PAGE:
There need to be more trials before the country invests MEGA $$ on changing to Tomo for population screening. I have that from the 'horse's mouth'. Perhaps this new publication will go towards that. As you can imagine, spending millions of tax payer's money needs to be invested wisely. The 5 week waiting period at the moment  in WA - from a suspect mammo result to further assessment is unacceptable. BSWA needs funding to create at least one or two more clinics.

    Having said that Dr Liz Wylie (BSWA Medical Director) has indicated that Tomo is likely to be rolled out across the states after the evidence is secured. this will take some time. It is not only the machines that are mosre costly, but they will require more people power, namely the radiologists who read the images. If you can imagine a 2D image - being read as a 'flat' image (4 to look at for each woman), then TOMO is MULTIPLE - each 'slice' of the image (x 4 images) needs to be looked at.
    We have great standards at BS in terms of double reads. Every woman's images are read by two radiologists. If ONE radiolofgist doesn't like the look of t=something, whilst the other clears it, a third radiologist is brought in.

    I will copy and pasts the journal link and a query about the website statement to BSWA and see what reply I get.

    Jo xx
  • kmakmkmakm MelbourneMember Posts: 7,930
    I shall tell my story again.

    When I went for my mammogram in late 2017 I was asked if I'd like tp participate in the trial of 3D mammogram machines. I was happy to do so and was randomly assigned a 2D machine (which I recognised as I'd had a mammogram before).

    The 2D machine did pick up my tumour. However when I returned for the call back scan I was taken straight to the 3D machine.

    That pretty much answered the question right there.

    It's going to come down to money as always. And I wouldn't be surprised if there was some politics going on about which we are unaware.
  • JJ70JJ70 FremantleMember Posts: 983

    Straight from the top ladies...............and promptly!

    Dear Jodi

    I believe that

    1)      Yes tomosynthesis/ 3D mammography does detect more low grade cancers that conventional 2D Digital Mammography 

    2)      However there is still no evidence that there is any reduction in breast cancer mortality,

    I have read the article

    We are a long way away from having evidence that Tomosynthesis , is a cost effective screening modality

     

    Liz

    So, if you look at BreastScreen Australia's aims - reduction of mortality rates from BC is pretty much it.

    Tomo is yet to prove that it is more effective in reducing this rate. It does (as Liz states) pick up more cancers that are smaller and lower grade.

    TOMO will happen.....it will take time.


  • arpiearpie Mid North Coast, NSWMember Posts: 4,008
    Interesting @JJ70

    Hmmm, So if the cancers are being detected sooner & smaller & treated earlier with less invasive treatments - that is a good thing, surely and eventually less costly?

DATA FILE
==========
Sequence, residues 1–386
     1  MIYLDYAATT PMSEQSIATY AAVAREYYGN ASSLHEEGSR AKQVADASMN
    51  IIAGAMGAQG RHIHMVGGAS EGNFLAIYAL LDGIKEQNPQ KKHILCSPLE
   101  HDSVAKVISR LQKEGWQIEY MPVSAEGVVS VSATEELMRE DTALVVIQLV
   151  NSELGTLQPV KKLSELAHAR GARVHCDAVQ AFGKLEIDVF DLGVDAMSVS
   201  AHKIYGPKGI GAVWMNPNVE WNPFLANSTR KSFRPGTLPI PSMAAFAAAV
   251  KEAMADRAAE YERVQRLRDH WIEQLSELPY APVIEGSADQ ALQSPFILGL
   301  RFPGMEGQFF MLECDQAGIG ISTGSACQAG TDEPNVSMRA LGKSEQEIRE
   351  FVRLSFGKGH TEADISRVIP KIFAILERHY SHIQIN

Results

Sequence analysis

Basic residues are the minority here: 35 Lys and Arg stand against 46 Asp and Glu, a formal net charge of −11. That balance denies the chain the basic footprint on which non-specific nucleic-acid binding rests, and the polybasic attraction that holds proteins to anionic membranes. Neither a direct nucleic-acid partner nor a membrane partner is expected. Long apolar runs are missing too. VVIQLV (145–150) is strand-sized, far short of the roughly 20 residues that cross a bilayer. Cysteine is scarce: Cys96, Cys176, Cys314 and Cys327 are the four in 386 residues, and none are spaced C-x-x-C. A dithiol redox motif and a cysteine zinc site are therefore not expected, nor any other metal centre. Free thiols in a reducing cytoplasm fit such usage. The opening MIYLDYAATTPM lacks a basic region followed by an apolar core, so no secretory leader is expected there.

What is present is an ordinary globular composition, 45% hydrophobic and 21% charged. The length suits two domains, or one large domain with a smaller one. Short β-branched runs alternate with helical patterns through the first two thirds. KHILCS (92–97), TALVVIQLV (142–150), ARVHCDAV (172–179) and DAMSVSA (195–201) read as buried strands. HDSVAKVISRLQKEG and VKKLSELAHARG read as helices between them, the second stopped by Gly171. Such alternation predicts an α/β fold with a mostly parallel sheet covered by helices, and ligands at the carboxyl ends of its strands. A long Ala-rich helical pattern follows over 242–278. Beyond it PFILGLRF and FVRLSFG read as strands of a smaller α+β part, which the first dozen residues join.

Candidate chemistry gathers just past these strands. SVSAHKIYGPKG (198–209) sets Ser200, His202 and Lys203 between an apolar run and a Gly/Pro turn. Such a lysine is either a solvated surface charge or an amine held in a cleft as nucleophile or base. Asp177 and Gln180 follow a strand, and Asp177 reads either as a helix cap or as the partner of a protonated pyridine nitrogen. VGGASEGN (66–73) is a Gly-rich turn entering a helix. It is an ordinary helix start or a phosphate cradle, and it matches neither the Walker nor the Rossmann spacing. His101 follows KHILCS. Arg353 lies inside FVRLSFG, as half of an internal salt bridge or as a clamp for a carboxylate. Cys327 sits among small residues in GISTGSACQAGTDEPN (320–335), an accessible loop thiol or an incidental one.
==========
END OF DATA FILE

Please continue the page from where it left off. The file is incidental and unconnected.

Even if the 3Ds were aimed more at those with Dense Breast Tissue or 'ambiguous results' like @kmakm's .....

    I wait with baited breath!
  • JJ70JJ70 FremantleMember Posts: 983
    Yes all good points @arpie. Definitely 3D for less invasive treatments and yes, you would think that over time it would save $$, not to mention the lower impact on each individual and collectively too. It is just the initial outlay. ATM they are focusing on saving lives - until TOMO results show that. it is better at that than 2D........

    Now ,who of us would prefer a tomo scan rather than a 2D ? My hand is definitely up!!
    Image result for hands up gif
  • Annie CAnnie C Member Posts: 725
    Mine too. 
     Having been diagnosed once, I would definitely prefer a tomo scan. 

    I would venture a guess that every already diagnosed breast cancer survivor would prefer a tomo.

  • arpiearpie Mid North Coast, NSWMember Posts: 4,008
    Hmmm - So if 3D Tomosynthesis actually PREVENTS mortality/deaths by discovering the tumours early, with less invasive surgery & treatments - how do they actually decide that mortality has been decreased? (Unless it is because they continue NOT treating women early & not improving their longevity .....)  It sort of sounds like 'damned if you do, damned if you don't?'  Also - 'how long is a piece of string'?  Altho you know it is 'long enough' (ie good enough!) if it does the job & that is to improve longevity ie living! 

    Using 3D & ultrasound to confirm earlier lesions - which would automatically show increased longevity/saving lives by the dropping numbers of mortality/death!  

    Is it that hard to understand?  

    Having been missed once (probably twice given how quickly after the MG my turmours were found by my GP) .... I am definitely on the 3D band wagon .... and would recommend that everyone demand to know the  status of their Mammogram machine before booking in!
  • kmakmkmakm MelbourneMember Posts: 7,930
    Those are weasel words. We are constantly being told that early detection saves lives. The logic is faulty.

    I simply don't understand why they can't come out and say something like "With better detection we stand a greater chance of saving lives and reducing the severity of breast cancer treatments. We recognise that this would also reduce the strain on those diagnosed and their loved ones, as well as ultimately saving money. Unfortunately in a health system that has severe financial constraints it will be some time before we can provide tomosynthesis at all sites. We will continue to look at further studies of this technology with great interest, and in the hope of building an even more compelling case to achieve full funding for provision of 3D mammography to all of Australia."

    It makes me want to tear out my hair with frustration.
  • arpiearpie Mid North Coast, NSWMember Posts: 4,008
    Absolutely, @kmakm - well said!

    It's been doing my head in all afternoon!!